It’s good to see the same professional publishing team still working together to produce the most appealing cookbooks, food with flair and stories to digest, as well as  photographs to admire even as our mouths water. As always, Linda, Cecilia, Bev and others combine talents seamlessly and, for me, evoke happy memories that go back a good decade.

                                

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There are many sunny winter days when one looks for white wines that are alternatives to summer specials like sauvignon blanc. This is the time to sample Rieslings and Gewurztraminer and the 2016 vintages from Paul Cluver make an inspired choice.

I recently enjoyed every sip of the Paul Cluver Dry Encounter Riesling, as elegant as ever, offering a fine combo of citrus notes and flint with a lick of cream on the finish. Not a trace of petrol on the nose or palate, just a delightful aperitif or a companion that quietly enhances sophisticated fare, from white meats and fish to blonde soups and patés. As Riesling was one of the original cultivars planted when the family started making wine, the vines are probably at their peak. Its very moderate alcohol levels of R12 % add to its numerous charms. It sells for R110.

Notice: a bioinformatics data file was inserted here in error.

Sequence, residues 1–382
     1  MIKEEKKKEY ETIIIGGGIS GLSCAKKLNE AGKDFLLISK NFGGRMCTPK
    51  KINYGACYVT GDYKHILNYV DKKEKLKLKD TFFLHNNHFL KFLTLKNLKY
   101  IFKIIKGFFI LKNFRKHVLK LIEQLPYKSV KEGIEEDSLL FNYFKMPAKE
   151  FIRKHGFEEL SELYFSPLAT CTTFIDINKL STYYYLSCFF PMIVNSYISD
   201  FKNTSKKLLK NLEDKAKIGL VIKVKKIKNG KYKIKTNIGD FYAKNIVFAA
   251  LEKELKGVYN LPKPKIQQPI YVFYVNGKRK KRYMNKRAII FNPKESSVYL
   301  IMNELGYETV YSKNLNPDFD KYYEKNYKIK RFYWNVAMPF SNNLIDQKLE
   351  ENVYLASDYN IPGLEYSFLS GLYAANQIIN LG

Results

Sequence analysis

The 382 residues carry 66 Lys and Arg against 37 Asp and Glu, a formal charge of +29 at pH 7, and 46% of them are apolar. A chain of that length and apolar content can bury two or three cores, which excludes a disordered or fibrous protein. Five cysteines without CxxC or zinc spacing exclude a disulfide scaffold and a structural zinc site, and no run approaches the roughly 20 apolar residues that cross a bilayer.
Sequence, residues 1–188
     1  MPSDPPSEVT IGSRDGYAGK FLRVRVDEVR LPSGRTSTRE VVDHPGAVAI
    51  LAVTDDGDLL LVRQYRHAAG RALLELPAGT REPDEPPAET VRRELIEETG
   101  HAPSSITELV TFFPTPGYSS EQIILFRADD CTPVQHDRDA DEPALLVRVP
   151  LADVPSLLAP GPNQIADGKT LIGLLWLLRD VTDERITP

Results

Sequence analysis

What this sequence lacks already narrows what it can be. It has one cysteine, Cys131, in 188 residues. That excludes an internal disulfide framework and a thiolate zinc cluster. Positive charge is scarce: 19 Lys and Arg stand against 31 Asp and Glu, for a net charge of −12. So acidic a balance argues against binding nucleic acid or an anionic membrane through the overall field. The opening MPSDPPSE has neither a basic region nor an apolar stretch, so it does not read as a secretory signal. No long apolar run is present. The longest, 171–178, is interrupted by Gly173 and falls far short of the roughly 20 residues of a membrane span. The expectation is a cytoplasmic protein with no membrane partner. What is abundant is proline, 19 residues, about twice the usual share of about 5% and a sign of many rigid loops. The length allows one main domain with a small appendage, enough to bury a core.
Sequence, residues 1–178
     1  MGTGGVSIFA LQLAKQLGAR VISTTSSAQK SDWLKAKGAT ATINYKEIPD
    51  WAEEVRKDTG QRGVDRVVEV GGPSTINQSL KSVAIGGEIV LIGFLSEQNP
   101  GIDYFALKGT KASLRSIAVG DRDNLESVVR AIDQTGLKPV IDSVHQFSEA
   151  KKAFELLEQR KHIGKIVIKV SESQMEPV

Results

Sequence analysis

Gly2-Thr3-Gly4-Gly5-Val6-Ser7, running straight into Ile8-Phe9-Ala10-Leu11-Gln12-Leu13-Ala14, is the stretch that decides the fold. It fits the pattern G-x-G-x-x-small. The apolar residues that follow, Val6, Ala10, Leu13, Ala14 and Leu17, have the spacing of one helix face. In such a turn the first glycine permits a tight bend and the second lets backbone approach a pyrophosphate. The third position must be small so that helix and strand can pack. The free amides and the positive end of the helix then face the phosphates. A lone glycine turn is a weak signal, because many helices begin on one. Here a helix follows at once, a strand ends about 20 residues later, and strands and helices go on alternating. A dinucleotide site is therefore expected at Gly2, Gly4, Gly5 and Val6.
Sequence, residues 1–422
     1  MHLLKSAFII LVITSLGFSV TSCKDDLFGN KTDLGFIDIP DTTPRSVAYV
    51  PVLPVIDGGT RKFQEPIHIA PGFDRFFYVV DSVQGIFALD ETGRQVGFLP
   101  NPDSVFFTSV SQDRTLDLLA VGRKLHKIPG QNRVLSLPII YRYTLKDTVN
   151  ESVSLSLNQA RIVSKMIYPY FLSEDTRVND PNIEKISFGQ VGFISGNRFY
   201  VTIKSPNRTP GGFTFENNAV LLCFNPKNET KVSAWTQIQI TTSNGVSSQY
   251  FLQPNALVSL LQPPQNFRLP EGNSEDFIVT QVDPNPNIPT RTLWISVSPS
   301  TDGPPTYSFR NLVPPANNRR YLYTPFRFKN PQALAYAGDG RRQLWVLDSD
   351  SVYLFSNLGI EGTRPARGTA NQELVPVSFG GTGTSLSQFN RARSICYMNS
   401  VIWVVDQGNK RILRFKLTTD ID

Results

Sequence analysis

The renowned Elgin farm is also punting its 2016 Gewurztraminer, offering some fascinating tidbits of history about the cultivar in well-written press releases. Describing the vine as culturally confused we learn that it is Italian (Tyrolean in fact) in origin, made famous in France and German in name, it travels further as the ideal partner to Asian and Middle Eastern fare, and can complement chilli-spiked dishes with panache. I think its also worth trying with the gentler curries of the Cape Malay cuisine and some Persian – now Iranian – classics. Cellarmaster Andries Burger describes the nose as reminiscent of pelargonium, honeysuckle and jasmine flowers, whereas most Gewurz presents rose, litchi and melon – so theres a wide choice. I picked up rose, melon and mixed floral scents, leading to a mixed bouquet on the palate alongside a frisky freshness that prevents this wine from becoming overwhelming or too intense. It is, of course, off-dry, is rated four and half stars in the current edition of Platter, and costs R100.